: Enter another Messenger. Mess. You are sent for to the senate: A fearful arıny, led by Caius Marcius, Associated with Aufidius, rages Upon our territories; and have already, O’erborne their way, consum'd with fire, and took What lay before them.

s some news is come,

That turns their countenances.] i. e. that renders their aspect sour.

I can no more atone,] To atone, in the active sense, is to reconcile, and is so used by our author. To atone here, is in the neutral sense, to come to reconciliution. To atone is to unite.

Com. O, you have made good work!

What news? what news?
Com. You have holp to ravish your own daugh.

ters, and To melt the city leads upon your pates; To see your wives dishonour'd to your noses;

Men. What's the news? what's the news?

Com. Your temples burned in their cement; and Your franchises, whereon you stood, confin'd . Into an angre's bore, Men.

Pray now, your news? You have made fair work, I fear me:-Pray, your

. news? If Marcius should be join'd with Volscians, Com.

If! He is their god; he leads them like a thing Made by some other deity than nature, That shapes man better: and they follow him, Against us brats, with no less confidence, Than boys pursuing summer butterflies, Or butchers killing flies. Men.

You have made good work,
You, and your apron men; you that stood so much
Upon the voice of occupation, and
The breath of garlick-eaters!
Com. .

He will shake
Your Rome about your ears.

As Hercules
Did shake down mellow fruit:2 You have inade fair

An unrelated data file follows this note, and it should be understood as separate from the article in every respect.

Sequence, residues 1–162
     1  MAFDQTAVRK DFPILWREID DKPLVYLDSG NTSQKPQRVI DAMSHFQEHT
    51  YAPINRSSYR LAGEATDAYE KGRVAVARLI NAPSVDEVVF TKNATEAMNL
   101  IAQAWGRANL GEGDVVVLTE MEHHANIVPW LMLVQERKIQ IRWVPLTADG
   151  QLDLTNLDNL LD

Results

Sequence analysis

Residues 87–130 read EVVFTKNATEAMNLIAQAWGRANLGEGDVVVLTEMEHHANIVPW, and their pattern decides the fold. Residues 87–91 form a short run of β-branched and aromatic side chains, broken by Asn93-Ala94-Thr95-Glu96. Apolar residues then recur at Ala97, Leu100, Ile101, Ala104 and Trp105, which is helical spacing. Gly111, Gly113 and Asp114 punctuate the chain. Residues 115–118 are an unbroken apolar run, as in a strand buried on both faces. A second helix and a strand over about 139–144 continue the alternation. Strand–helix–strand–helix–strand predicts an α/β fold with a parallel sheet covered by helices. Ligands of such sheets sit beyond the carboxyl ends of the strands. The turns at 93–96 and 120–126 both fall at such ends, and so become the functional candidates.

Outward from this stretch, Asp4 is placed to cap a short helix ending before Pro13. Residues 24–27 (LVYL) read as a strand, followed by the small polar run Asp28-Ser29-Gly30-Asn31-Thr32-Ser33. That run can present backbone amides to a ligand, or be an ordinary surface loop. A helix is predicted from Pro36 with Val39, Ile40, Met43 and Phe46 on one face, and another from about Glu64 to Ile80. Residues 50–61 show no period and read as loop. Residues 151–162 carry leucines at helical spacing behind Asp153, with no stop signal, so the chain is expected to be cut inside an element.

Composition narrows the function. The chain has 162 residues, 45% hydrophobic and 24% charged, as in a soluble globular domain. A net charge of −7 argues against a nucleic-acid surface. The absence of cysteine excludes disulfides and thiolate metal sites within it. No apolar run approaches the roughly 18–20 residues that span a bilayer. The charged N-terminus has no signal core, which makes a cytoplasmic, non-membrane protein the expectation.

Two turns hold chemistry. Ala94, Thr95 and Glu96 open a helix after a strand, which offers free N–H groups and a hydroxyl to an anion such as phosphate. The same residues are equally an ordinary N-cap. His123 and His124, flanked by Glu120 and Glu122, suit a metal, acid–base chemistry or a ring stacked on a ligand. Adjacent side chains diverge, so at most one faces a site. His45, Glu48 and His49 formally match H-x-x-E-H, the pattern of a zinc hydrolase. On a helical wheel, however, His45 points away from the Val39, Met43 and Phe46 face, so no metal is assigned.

i Upon the voice of occupation,] Occupation is here used for mechanicks, men occupied in daily business.

2 As Hercules, &c.] A ludicrous allusion to the apples of the Hesperides.

Bru. But is this true, sir?

Ay; and you'll look pale
Before you find it other. All the regions
Do smilingly revolt;3 and, who resist,
Are only mock'd for valiant ignorance,
And perish constant fools. Who is't can blame him?
Your enemies, and his, find something in him.

Men. We are all undone, unless
The noble man have mercy.

Who shall ask it?
The tribunes cannot do't for shame; the people
Deserve such pity of him, as the wolf
Does of the shepherds: for his best friends, if they
Should say, Be good to Rome, they charg’d him even
As those should do that had deserv'd his hate,
And therein show'd like enemies.

'Tis true: If he were putting to my house the brand That should consume it, I have not the face To say, 'Beseech you, cease.--You have made fair

i hands, You, and your crafts! you have crafted fair! Com.

You have brought A trembling upon Rome, such as was never So incapable of help. Tri.

Say not, we brought it.
Men. How! Was it we? We lov'd him; but,

like beasts,
And cowardly nobles, gave way to your clusters,
Who did hoot him out o’the city.

But, I fear
They'll roar him in again. Tullus Aufidius,
The second name of men, obeys his points
As if he were his officer:--Desperation

• Do smilingly revolt;] To revolt smilingly is to revolt with signs pleasure, or with marks of contempt.